But remember, these accounts are there for retirement. We were encouraged to save so that we wouldn't be a burden on the system when we could no longer work. If the govt takes some after having agreed not to, they'll end up giving it right back in the form of Medicaid, food stamps, and other cash support programs for people whose retirement savings they seized.

  • mep Sep 20, 5:35 p.m.

    401k withdrawals are taxed as ordinary income no matter what the underlying investment was.

    I'm saying annualized... you know, each year even when your NOT drawing from it? All income taxed the same your saying. THAT would be income.

    Assets used to offset losses or gains (capital or otherwise)... again, should every transaction be taxed accordingly? Regardless of its source?

    so inflationary increase in prices doesn't trigger a big tax bill. Without it, no retiree could afford to downsize homes.
    bill0

    Again... why the limits? If I sell my home, or have any other capital gains... your saying they should be taxed as regular income IF indeed you want to be fair.

    And what about inheritance tax? What if I have the audacity to die and happen to leave something for my kids? Regular income? If not why? Seems the govt wants 50% if it happens to catch their eye at a "certain level".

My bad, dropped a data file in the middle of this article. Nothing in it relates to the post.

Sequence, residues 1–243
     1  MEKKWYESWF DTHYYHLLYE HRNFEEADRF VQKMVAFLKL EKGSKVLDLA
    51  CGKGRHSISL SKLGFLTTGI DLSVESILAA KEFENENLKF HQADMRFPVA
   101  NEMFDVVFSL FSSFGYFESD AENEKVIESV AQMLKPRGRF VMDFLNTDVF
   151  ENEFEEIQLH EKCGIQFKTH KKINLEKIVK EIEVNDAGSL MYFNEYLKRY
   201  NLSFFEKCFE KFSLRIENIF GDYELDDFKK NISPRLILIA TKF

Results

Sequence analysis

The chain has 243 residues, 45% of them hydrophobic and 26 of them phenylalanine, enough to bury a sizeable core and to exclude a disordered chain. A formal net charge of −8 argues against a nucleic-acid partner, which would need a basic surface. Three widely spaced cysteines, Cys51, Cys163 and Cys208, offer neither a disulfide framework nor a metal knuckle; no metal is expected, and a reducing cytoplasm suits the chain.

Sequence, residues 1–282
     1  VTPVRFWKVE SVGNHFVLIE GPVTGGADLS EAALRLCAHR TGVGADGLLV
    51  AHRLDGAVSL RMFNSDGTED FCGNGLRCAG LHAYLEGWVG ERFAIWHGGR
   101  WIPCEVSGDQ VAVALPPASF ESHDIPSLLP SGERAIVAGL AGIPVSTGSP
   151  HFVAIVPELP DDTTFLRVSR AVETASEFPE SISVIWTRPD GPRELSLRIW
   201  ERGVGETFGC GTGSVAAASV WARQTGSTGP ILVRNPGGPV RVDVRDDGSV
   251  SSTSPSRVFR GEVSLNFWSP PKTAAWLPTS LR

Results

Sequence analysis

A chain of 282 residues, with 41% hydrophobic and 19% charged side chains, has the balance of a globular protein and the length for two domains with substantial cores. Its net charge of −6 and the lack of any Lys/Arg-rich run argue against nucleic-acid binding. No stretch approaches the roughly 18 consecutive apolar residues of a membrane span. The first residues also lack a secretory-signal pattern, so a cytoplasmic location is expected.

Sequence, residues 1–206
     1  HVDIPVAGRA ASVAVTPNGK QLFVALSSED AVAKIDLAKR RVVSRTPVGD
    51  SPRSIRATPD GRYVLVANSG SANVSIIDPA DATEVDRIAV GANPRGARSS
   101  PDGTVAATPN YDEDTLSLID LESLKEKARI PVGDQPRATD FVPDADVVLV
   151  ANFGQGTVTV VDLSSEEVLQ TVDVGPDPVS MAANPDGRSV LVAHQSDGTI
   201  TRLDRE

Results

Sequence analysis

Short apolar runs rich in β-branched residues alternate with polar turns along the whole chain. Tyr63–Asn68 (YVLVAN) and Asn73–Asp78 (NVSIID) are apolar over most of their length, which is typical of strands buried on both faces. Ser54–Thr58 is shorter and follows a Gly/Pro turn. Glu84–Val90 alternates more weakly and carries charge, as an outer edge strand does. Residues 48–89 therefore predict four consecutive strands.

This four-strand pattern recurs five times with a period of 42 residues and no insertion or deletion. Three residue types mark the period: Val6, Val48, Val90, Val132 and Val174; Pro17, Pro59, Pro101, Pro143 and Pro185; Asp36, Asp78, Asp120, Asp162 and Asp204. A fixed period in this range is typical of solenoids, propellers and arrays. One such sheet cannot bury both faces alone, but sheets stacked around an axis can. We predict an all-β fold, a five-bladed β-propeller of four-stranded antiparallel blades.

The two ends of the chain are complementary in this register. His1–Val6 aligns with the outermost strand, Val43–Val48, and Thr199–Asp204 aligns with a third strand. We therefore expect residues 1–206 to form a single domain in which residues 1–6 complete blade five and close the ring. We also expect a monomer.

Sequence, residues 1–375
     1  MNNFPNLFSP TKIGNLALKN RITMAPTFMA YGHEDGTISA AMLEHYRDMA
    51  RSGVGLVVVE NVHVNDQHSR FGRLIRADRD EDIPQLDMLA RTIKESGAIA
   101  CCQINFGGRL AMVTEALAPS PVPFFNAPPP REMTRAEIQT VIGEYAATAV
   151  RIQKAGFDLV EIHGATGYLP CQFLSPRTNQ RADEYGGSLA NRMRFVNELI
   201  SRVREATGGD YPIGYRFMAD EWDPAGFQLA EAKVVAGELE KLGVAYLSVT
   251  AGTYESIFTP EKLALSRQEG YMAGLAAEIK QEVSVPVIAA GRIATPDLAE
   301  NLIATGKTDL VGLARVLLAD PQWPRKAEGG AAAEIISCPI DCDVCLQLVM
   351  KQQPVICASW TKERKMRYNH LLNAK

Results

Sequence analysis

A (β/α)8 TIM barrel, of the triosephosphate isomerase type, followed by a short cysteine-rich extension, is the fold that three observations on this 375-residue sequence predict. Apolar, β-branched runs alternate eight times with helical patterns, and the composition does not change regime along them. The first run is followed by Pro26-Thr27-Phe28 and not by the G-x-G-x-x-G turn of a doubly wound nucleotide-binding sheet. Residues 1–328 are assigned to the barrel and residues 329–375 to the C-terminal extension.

Flat fair sales tax.... no individual income tax. Period.

  • bill0 Sep 20, 4:30 p.m.

    "401K tax rates? Should they also be taxes the same as regular income? " What about interest on the 401K each year as dividends?
    "

    You should read up on this stuff before you form your opinion. 401k withdrawals are taxed as ordinary income no matter what the underlying investment was.

    "What about sell your car? Income tax? Sell your TV, or dog? Income tax?"

    Again, read up on how taxes are calculated. The cost basis of the asset is used to calculate taxable gains. Unless your car is a collectable that goes up in value, no taxes are due at any rate.

    "It already is a capital gain over certain levels. Certain levels seems a bit discriminatory. Why not the same for everyone? Again... fair. "

    This isn't a class warfare type limit. It's just in place so that your run of the mill inflationary increase in prices doesn't trigger a big tax bill. Without it, no retiree could afford to downsize homes.

  • WolfPackAlum Sep 20, 4:23 p.m.

    >>"All I know is I need to find out how to get into that non-paying percentage."

    Here are step-by-step instructions on how to reduce your tax rate to zero for $150K in gross income :

    Link to WSJ article: http://tinyurl.com/3w5oqek

  • ger Sep 20, 4:16 p.m.

    (CNN) – Clint Eastwood isn't taking much time to reflect on his unique endorsement of Republican presidential candidate Mitt Romney at last month's Republican National Convention, after all he says if they're "dumb enough" to ask him, they'll take what they get.

    priceless

More...